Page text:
No question about it – the holidays can be stressful. Between family functions, neighbors, and reconnecting with friends, it seems like we don’t slow down from November through January. While our brains can benefit from the spiritual boost, the marathon of merriment can quickly take a toll on our well-being. Here are a few tips to make the end of the year less taxing and more enjoyable.
—Control The Stress—
It’s easy to say in September “I’m going to get ____ done before the end of the year”. If it’s the middle of December and there are still items on your to-do list, consider the option of pushing your deadline back a few weeks. There are plenty of tasks before New Years that are more time sensitive, and piling on additional and unnecessary stress at the end of the year probably isn’t worth it. To feel some sense of accomplishment on these chores, use this time to plan how you can get them completed by February 1st.
—Toast In Moderation—
Canada’s Centre for Addiction and Mental Health announced this year that heavy drinking is a top risk factor for dementia. While some experts claim benefits to very moderate alcohol consumption, doing so in excess can cause shrinkage to valuable areas of the brain. If you or a loved one find yourself floating through the season on eggnog, it might be best to abstain for a period. That could be the best gift you give yourself this year.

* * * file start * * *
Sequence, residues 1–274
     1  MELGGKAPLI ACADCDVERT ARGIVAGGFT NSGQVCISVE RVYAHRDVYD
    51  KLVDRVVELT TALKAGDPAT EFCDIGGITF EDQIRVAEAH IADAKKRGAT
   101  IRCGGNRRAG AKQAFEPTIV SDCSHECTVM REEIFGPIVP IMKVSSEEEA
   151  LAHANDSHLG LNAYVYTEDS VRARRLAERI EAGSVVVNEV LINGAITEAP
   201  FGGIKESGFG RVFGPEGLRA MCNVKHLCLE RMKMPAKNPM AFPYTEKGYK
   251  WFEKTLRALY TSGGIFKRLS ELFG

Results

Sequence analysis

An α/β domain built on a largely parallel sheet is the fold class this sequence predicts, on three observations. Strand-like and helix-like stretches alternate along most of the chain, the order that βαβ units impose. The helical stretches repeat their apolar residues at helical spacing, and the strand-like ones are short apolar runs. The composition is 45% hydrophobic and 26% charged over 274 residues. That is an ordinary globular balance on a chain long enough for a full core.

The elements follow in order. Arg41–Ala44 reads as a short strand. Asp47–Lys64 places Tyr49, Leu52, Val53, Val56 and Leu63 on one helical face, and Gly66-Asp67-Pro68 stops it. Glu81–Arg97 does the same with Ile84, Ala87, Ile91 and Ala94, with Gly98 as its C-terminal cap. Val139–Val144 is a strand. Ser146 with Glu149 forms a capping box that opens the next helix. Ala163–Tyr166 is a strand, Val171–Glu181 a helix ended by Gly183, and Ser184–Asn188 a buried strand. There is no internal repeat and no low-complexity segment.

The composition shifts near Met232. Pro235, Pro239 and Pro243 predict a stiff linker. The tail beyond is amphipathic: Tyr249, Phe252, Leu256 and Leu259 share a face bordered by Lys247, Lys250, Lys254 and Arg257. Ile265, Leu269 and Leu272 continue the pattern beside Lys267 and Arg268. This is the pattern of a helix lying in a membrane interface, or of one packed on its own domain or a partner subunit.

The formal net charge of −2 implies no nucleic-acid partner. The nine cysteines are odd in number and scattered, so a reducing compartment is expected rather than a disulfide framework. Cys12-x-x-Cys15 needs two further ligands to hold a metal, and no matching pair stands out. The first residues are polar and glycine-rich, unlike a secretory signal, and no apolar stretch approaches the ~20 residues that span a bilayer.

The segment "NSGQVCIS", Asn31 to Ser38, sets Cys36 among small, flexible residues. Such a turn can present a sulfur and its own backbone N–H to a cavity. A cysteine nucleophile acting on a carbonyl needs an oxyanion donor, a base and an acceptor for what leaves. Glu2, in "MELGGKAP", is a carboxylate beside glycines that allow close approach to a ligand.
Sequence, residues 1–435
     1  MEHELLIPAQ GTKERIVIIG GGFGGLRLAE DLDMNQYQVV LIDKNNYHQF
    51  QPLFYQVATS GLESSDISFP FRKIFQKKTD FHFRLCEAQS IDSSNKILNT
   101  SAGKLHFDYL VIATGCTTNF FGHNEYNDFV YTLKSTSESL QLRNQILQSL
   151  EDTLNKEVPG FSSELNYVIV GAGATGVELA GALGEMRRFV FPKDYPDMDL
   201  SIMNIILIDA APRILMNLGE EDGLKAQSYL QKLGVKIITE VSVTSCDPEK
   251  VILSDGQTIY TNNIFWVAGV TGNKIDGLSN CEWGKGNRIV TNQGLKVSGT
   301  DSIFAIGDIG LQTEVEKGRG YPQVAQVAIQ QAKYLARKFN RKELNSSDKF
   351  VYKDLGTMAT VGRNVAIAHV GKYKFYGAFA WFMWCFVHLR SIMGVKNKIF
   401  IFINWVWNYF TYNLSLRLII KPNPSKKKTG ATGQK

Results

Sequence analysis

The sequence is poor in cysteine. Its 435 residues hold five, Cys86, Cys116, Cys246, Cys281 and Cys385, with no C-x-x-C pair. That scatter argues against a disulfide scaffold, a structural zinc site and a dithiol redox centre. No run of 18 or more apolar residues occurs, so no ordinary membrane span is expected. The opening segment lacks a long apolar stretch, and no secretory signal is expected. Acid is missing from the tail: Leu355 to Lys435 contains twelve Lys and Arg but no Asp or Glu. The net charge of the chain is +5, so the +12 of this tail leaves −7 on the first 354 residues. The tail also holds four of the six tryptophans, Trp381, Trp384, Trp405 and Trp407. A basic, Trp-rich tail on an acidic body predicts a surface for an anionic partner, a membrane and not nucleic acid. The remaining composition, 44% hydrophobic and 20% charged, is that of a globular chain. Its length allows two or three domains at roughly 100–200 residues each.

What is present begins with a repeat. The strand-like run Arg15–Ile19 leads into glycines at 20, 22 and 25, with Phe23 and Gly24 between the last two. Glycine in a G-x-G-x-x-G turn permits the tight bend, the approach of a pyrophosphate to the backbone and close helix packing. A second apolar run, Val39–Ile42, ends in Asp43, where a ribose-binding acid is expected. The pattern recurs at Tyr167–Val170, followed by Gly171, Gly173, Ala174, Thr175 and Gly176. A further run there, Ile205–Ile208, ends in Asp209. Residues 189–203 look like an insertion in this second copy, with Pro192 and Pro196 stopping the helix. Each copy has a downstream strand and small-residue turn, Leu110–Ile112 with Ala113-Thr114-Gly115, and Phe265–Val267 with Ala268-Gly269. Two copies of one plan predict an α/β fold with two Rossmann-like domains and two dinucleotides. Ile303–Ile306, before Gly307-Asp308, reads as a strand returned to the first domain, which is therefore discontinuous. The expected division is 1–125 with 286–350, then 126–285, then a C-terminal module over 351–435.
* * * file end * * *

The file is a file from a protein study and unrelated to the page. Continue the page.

—Let It Snow—
A shiny white snowfall is a sure sign of the holidays but keep an eye on how much time you spend outdoors. Activities like shoveling the sidewalk or brushing off the car might be too much exertion if done at once. Research shows a dip in heart-related hospitalizations for the two days following a snowfall and then an immediate 23% increase! After being cooped up for a few days we tend to overdo it when we can finally get outside, so take it easy and consider hiring somebody to do the heavy lifting.
—Look Up And Down—
While a brisk walk on a cold day can be a great stress-reducer, slipping on an icy patch of road can lead to serious injury. Shoes with traction soles are a worthwhile investment, so take it slow and be aware of what’s underfoot as well as ahead. Icicles can be a deadly hazard, so avoid overhangs and awnings where runoff can build up. Decorating related mishaps also land 15,000 people in the hospital each year, often from standing on ladders or chairs and sustaining a head injury. Be careful of your surroundings, even those familiar to you.
Make this a safe and joyous holiday season, and we look forward to seeing you in 2019!